Flagler College Professor Receives Grant to Explore the Minorcan People’s Heritage and Cultural Impact on St. Augustine
Sep 24, 2021
Ever since Dr. Darien Andreu arrived on Flagler's campus in 1987, she felt a calling to share the story of the Minorcan people and their influence on St. Augustine.
Thanks to the St. Augustine Foundation, she will finally get to tell their story. Dr. Darien Andreu is one of three Flagler faculty to be awarded dollars granted to the College by the St. Augustine Foundation. She has received $55,000 to explore further the Minorcan people's heritage and cultural impact on St. Augustine. This Minorcan Studies project will help define the Ancient City's identity and offer an immersive opportunity for Flagler College students to get involved in rediscovering history.
The study aims to paint an inclusive picture of St. Augustine's history. One that acknowledges the crucial role Minorcans played in shaping the Ancient City's regional heritage.
"Minorcan heritage is startlingly underappreciated. It's an old story. And it's a classic example of a group that immigrates to a new place, and along the way, they lose touch with their native language and the folkways of the old country," said Dr. Andreu
As an Associate Professor of English, one way she hopes to raise awareness of the Minorcans is through literature:
"I've been interested first in how Minorcans have been represented in literature—by William Bartram, Ralph Waldo Emerson, William Cullen Bryant, Sarah Orne Jewett, Stephen Vincent Benet, Marjorie Kinnan Rawlings, and more."
However, the story of the Minorcan people stretches far beyond their representation in literature. Their story is deeply entangled in the rich history and cultural identity of St. Augustine.
According to Andreu, the Minorcan people arrived in Florida in 1768 and came to St. Augustine in 1777. They escaped from New Smyrna, where they had worked beyond the agreed terms of their contracts as indentured laborers. Throughout the twists and turns of an ever-changing political climate, they remained in St. Augustine. Even after the British left and the Ancient City entered its second wave of Spanish rule, the Minorcans stayed. Presently, 26,000 Minorcans live in St. Johns County, and more are spread throughout the United States.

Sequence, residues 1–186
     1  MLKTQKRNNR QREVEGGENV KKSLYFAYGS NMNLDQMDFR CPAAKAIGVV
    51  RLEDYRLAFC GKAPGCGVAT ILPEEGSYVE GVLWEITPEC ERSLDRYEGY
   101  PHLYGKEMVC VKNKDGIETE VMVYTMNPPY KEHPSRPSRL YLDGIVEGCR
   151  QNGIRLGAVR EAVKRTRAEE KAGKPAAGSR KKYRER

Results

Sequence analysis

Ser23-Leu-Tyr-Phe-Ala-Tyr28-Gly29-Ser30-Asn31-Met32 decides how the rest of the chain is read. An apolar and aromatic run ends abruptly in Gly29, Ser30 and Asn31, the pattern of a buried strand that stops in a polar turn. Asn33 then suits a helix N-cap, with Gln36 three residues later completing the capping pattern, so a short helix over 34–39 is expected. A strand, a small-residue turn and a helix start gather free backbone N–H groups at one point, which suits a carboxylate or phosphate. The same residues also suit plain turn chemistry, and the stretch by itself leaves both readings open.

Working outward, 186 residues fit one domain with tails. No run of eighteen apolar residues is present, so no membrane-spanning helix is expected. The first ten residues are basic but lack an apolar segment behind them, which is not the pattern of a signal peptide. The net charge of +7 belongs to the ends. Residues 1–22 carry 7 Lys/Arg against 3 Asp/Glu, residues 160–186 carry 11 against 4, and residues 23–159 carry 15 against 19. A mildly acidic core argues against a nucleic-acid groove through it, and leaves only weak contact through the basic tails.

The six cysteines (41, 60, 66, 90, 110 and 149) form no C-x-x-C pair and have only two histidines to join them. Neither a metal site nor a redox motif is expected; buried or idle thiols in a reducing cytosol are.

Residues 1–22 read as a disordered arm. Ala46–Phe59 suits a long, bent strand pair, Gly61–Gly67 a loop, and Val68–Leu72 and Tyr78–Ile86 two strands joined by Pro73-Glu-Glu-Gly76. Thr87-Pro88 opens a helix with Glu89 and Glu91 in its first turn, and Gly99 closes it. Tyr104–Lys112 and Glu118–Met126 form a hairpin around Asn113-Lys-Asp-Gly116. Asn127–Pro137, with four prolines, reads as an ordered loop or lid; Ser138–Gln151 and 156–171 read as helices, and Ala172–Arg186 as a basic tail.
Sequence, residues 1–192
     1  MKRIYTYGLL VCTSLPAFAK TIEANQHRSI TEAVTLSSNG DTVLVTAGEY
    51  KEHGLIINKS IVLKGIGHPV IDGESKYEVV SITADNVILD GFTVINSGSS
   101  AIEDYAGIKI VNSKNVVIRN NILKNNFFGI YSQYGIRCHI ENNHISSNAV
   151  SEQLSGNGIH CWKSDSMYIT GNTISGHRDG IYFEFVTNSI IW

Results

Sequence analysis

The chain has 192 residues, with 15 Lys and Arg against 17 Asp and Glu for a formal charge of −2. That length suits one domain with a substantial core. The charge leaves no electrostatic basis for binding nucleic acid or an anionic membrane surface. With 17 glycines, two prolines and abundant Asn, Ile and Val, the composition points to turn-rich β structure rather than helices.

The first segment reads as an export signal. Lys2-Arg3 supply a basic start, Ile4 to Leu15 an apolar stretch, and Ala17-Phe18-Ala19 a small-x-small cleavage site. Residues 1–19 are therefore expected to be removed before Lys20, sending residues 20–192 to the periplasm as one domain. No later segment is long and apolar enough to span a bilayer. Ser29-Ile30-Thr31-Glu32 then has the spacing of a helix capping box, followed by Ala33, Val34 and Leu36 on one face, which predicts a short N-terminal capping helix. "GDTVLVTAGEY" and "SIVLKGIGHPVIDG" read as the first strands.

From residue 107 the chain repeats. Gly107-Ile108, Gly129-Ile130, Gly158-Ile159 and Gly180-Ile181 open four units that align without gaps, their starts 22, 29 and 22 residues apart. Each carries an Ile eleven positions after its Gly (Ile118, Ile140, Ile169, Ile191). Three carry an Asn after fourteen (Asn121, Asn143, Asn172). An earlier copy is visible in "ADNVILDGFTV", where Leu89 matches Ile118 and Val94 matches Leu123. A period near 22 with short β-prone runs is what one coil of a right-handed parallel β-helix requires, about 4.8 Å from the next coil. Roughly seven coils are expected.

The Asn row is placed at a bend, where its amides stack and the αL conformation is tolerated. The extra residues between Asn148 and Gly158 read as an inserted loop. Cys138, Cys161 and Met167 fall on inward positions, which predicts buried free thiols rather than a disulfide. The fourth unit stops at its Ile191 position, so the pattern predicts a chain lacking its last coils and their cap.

"For 250 years, Minorcans have been a part of defining St. Augustine's history, and yet the whole sweep of their cultural heritage and influence has only been lightly studied. Their closest historical parallels are the Cajuns in Louisiana and the Amish (or "Pennsylvania Dutch"), both groups much more widely known," said Andreu.
She continued, "With focus and effort, the Minorcan story can become invaluable to St. Augustine's national identity."
Andreu's identity as a Minorcan has played an integral role in wanting to educate others on the history of the Minorcan people. Her Minorcan heritage stems from her father's side. Her father, like so many other immigrants, felt the need to disconnect from his Minorcan roots to live his American dream:
"My father was born of both of a Minorcan father and mother. Like many recent Minorcans and people of ethnic communities, he did not find his heritage something to appreciate in his early years. It was my Irish-American mother who encouraged him," she said.
Andreu continued, "This was during the 1960s, a time when X.L. Pellicer, a St. Augustine Minorcan, a banker and civic leader, began to promote Minorcans reconnecting with their Balearic Island homeland and celebrating their American story."
Her father's reluctance to accept his heritage has inspired her to be a part of moving the Minorcans' story forward. She believes it's time to celebrate their lives through new books, websites, lecture series, and public outreach.
"There need to be new oral histories of Minorcan folkways— its musicians, artists, writers, and architects; its remaining shrimpers and fishermen; its lightkeepers and bridgetenders."
The Minorcan studies project has the potential to not only enrich the St. Augustine community by garnering a new appreciation for the oldest city in America's longest residence, but it will significantly improve the lives of Minorcans in St. John's County. According to Andreu,
"It will help transform how the Minorcans understand themselves and how the public values the Minorcan story. Given time and focus, the Minorcan story may become as important to St. Augustine's and this region's national identity as the Cajun and Amish heritage are to Louisiana and Pennsylvania."
Flagler College now joins a select number of universities and colleges across the nation that have invested in their cultural heritage: The University of Mississippi at Oxford (Southern Studies), Berea College in Kentucky (Appalachian Studies), and The University of Louisiana at Lafayette (Cajun & Creole Folklore).
Flagler students will get to play a crucial role in this study while also getting to engage firsthand with the community through experiential learning and service:
"With this Minorcan Studies Project, students will have an opportunity to connect very directly with St. Augustine, this place they are calling home for these important years in their lives. They'll be part of advancing the richness of Minorcan heritage in the way that narrating a more complete and inclusive history of a people and place deepens an appreciation for it."
More explicitly, Andreu envisions students will take on these specific roles:
"I'm looking for students to film oral histories, assist with a Minorcan Speaker series, and build a Minorcan Studies website."
These students will be presented with an extraordinary opportunity to accompany Dr. Darien Andreu on an exploration roughly 34 years in the making. One that will shed light on the immigrants who made St. Augustine the city we know and love today.Tagged As